[16] The theory of non-linear interactions described above predicts that a W3 semidiurnal tide should accompany the W1. Latitude-height cross-sections of the correlation of the zonal wind W3 tidal component with the same planetary wave one component considered above are presented in Figure 1 (right). Northern hemisphere peaks in the correlation are apparent but they occur at lower latitudes to the concurrent W1 component. Using the same height averaging bounds as for W1 but planetary wave amplitudes at 40°N, the results in Figure 3 (bottom) were compiled. The planetary wave amplitudes are less at this latitude but the strong correlation apparent in Figure 3 (bottom) is evidence for the production of both a W1 and W3 tide. Note also that the W3 amplitudes are smaller than those of the W1.

[17] In order to explain the difference in the latitude at which the W1 and W3 maximum correlations occur, it is noted that the cosine product ideas presented above do not consider the vertical and horizontal structure of the waves and their products. For each zonal wavenumber, the tidal products will be representable (to a good approximation) as combinations of the modes within sets of Hough or velocity expansion functions [e.g., Forbes, 1995]. For a product wave to be excited, the vertical scale of the interaction region will need to be roughly half the vertical wavelength of a mode so that energy is transferred efficiently into that mode. The horizontal structure of the interaction region will also need to map onto modes that can propagate to the MLT region.

[18] It was noted by Murphy et al. [2006] that the W1 semidiurnal tidal wind component can be non-zero in the vicinity of the pole. This is true of the planetary wave one amplitude as well. As a result, interactions producing a W1 tide can map onto tidal expansion functions over much of the high-latitude region. The W3 tidal component, however, cannot exist at the pole and must decay in amplitude from mid- to high-latitudes. This difference in the velocity expansion function latitudinal structures can explain the occurrence of the W3 correlation peak at lower latitudes: the interaction region for this combination cannot extend as far poleward.

[19] Finally, although the term ‘non-linear interactions’ is used to describe the production of sum and difference wavenumber-frequency pairs, linear processes may also be responsible [Merzlyakov et al., 2001]: a description of the effect of sinusoidal variations of the background insolation absorption is presented by Chapman and Lindzen [1970]. The small tidal amplitudes present in the stratosphere and lower mesosphere may not support a non-linear interaction. Figure 3 showed that non-migrating tidal products were modulated at low planetary wave amplitudes. Mechanisms associated with particle fluxes and thermospheric Joule heating have also been suggested [Riggin et al., 1999; Baumgaertner et al., 2006]. Thus, the details of the mechanism for creating non-migrating tidal components is an open question.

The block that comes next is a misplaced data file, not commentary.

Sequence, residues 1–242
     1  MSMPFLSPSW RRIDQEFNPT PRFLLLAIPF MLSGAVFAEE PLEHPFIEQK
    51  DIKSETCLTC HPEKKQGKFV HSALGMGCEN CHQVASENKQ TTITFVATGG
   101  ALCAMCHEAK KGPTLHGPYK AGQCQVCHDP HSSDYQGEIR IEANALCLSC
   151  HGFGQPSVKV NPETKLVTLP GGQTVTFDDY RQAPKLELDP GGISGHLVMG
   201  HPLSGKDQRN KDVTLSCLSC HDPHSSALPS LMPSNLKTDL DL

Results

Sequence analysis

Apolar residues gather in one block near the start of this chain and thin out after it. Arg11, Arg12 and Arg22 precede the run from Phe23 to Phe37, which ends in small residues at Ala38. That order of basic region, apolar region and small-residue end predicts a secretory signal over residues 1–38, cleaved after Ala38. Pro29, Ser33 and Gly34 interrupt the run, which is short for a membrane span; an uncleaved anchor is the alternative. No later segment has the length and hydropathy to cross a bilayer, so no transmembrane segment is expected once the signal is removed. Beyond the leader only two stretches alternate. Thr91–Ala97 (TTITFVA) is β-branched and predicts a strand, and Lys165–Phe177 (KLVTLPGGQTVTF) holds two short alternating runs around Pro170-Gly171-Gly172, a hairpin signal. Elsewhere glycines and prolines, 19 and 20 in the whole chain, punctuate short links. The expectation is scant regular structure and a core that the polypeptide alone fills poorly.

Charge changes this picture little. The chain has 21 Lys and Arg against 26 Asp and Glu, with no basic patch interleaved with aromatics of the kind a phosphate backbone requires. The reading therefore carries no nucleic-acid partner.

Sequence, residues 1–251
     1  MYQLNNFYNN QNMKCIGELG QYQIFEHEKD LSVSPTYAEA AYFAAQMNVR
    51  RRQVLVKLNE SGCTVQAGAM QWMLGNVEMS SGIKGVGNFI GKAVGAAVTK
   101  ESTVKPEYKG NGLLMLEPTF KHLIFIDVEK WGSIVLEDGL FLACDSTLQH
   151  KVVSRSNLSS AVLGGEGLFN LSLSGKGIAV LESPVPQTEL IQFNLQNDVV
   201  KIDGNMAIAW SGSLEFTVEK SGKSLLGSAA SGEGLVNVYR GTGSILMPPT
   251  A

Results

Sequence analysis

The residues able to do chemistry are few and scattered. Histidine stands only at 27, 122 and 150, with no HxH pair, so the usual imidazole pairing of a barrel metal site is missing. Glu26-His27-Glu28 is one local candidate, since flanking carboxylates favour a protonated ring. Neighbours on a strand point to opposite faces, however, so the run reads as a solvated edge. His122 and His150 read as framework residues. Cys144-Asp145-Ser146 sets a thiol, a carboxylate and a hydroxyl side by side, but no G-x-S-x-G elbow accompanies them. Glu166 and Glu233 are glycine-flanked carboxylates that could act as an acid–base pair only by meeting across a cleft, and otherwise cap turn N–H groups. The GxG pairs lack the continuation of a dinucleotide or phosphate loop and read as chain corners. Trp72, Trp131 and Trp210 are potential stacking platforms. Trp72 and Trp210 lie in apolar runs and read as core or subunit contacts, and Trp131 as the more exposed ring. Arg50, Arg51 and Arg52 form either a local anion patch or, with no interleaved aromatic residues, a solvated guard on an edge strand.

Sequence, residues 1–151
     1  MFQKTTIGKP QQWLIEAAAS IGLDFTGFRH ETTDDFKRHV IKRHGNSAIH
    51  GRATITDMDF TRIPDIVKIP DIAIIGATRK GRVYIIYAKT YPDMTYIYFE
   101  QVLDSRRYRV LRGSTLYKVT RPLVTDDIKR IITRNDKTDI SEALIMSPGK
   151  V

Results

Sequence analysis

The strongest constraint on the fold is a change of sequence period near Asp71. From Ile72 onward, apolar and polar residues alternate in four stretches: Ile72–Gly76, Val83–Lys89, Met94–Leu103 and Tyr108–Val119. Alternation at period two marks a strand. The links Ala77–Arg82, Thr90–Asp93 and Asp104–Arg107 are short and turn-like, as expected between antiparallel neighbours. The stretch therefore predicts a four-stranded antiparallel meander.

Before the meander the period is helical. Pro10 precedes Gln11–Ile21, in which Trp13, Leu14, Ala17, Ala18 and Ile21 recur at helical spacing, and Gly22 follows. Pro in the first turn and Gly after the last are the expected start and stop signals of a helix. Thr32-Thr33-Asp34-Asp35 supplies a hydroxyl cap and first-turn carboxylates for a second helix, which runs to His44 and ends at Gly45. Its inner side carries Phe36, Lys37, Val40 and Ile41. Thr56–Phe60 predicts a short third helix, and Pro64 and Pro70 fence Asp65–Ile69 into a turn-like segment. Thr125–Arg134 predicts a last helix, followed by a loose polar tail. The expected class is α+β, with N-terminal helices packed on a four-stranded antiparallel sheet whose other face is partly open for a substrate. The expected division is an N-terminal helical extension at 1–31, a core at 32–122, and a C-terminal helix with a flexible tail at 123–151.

5. Conclusions

[20] In this study, the correlation analysis used by Smith et al. [2007] has been applied to tidal variations separated into zonal wavenumbers. Concurrent variations in Antarctic MLT tides and in northern hemisphere planetary wave amplitudes have provided observational support for the prediction that the W1 semidiurnal tide first observed at South Pole has the northern stratosphere and lower mesosphere as its source region. Similar observations of its companion W3 semidiurnal product further support this prediction and highlight the role played by the horizontal and vertical structure of the tides and planetary waves in creating non-migrating tides.

Acknowledgments

[21] The Davis MF radar is supported by Australian Antarctic Science Advisory Committee grant 674 and Australian Research Council grant DP0346394. This research has been supported by a Grant-in Aid for Scientific Research (14740287) from Japan Society for the Promotion of Science (JSPS). The Ministry of Education, Culture, Sports, Science and Technology supports the MF radar system. The 40th–45th Japanese Antarctic Research Expeditions (JAREs) have carried out the MF radar operation at Syowa. The Rothera MF radar was jointly supported by National Science Foundation grant OPP-0438777 and by the UK Natural Environment Research Council. The Scott Base radar is supported by the University of Canterbury and Antarctica New Zealand. Communications between DJM and Evgeny Merzlyakov were greatly appreciated.